Why do Good People Become Evil?

November 19, 2009 :: Mark Sandilands, PhD
Moderated by Pano Karkanis


Throughout human history, the concept of evil has often been used to explain human behaviour. For example, evil was used to explain disease and natural disaster in earlier centuries, the Holocaust of WWII, and of course there’s the recent use of the phrase “Axis of Evil” by George W Bush in 2002. An enduring question is whether evil is a permanent characteristic of some people or temporary behavior because of the situation they are in.

Using recent events such as reports of torture in war situations, Mark Sandilands will present a social psychological analysis of evil, showing how little-recognized external factors can lead ordinary people to commit acts that might be considered evil.

Speaker: Mark Sandilands, PhD (Professor Emeritus, Dept of Psychology, University of Lethbridge)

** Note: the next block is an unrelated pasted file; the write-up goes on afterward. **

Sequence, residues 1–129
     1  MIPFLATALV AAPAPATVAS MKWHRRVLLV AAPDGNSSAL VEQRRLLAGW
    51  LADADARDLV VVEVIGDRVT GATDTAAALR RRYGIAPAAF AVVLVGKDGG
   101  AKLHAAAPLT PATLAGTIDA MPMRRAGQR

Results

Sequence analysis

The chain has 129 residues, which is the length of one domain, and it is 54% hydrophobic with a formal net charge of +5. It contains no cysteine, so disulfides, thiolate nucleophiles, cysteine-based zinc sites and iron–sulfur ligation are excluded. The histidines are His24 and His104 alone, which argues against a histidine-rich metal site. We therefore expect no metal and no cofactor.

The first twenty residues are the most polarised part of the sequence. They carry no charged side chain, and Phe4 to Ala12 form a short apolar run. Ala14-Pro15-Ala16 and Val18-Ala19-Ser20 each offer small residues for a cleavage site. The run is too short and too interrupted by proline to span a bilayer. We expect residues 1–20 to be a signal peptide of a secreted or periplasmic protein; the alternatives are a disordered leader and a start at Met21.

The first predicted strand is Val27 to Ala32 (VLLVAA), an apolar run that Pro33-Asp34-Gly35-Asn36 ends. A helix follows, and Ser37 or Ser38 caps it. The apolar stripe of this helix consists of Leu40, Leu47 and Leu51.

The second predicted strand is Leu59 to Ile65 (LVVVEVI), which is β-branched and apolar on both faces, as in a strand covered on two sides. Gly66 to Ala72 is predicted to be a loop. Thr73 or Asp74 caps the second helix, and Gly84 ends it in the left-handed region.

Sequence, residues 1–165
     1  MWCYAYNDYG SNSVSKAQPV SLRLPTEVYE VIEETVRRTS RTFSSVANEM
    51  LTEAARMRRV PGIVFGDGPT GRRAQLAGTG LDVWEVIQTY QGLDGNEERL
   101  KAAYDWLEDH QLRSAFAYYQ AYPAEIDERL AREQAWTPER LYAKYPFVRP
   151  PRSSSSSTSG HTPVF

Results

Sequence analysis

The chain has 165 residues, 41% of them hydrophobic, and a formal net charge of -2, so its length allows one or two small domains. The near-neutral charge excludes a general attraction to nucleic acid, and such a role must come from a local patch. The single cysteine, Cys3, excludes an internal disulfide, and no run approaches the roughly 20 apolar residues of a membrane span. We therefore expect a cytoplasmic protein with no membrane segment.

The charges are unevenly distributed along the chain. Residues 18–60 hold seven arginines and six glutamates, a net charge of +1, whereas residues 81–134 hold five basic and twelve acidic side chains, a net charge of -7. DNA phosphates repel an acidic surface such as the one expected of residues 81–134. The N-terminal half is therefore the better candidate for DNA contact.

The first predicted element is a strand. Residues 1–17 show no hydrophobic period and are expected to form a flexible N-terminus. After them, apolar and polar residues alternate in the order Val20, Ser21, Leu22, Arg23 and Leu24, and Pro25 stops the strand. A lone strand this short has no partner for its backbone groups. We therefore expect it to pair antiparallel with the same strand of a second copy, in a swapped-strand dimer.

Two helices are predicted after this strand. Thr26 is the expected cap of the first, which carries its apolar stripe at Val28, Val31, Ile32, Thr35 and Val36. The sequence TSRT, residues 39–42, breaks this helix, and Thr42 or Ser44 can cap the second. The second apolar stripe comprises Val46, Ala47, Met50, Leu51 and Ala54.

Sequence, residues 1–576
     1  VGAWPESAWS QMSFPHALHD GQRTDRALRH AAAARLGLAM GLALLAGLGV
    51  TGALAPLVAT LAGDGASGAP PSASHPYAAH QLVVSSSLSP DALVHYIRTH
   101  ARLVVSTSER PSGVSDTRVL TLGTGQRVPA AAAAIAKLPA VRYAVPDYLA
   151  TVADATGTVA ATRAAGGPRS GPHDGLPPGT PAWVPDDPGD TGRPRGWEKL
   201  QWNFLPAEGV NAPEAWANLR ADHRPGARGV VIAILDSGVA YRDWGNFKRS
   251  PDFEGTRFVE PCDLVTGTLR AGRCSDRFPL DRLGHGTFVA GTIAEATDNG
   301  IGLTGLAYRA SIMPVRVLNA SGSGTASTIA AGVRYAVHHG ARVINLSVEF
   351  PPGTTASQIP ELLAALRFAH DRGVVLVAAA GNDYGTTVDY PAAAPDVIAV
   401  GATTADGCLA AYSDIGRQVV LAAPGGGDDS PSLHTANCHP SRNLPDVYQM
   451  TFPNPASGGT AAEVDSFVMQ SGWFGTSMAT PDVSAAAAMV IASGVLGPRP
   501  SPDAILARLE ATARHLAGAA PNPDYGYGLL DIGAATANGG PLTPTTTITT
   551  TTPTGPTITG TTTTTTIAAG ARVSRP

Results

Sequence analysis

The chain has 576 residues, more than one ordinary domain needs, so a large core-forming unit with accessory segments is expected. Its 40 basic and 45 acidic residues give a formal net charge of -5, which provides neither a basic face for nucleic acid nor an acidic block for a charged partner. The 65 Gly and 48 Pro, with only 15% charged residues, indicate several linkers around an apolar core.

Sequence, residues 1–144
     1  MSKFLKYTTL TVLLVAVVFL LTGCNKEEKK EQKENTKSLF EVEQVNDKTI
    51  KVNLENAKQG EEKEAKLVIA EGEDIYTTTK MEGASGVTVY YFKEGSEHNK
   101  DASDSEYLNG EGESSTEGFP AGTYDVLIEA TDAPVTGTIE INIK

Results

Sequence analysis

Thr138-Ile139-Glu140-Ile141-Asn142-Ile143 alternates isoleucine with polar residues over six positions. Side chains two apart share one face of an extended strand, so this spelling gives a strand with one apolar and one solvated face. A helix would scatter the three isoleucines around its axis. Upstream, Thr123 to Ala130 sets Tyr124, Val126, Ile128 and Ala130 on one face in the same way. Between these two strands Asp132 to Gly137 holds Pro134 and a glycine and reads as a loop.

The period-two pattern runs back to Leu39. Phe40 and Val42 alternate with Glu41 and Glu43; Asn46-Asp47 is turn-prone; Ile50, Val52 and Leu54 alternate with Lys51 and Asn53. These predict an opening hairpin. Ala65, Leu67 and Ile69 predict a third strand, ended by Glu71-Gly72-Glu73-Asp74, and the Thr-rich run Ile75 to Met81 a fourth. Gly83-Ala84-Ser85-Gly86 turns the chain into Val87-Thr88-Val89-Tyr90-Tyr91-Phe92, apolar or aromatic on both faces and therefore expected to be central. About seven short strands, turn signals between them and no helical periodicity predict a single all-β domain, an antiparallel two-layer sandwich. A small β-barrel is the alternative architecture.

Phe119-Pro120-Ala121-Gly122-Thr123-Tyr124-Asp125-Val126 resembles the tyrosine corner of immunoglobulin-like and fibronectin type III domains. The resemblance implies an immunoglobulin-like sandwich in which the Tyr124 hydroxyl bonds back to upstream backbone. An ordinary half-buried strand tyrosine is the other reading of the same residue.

Mark came to the University in 1968, the second year of its existence, and took early retirement in 2000 after 32 years. His areas of interest include general, social, and environmental psychology, personality factors in social behaviour, social and environmental factors in institutional care of the elderly, and family violence research.

Mark was a candidate for the NDP in the provincial elections of 2001 and 2004, and the federal election of 2008. He also ran for a seat on the board of the Lethbridge Regional Hospital in 2001. He is a frequent contributor to the letters section of the Lethbridge Herald and other publications.

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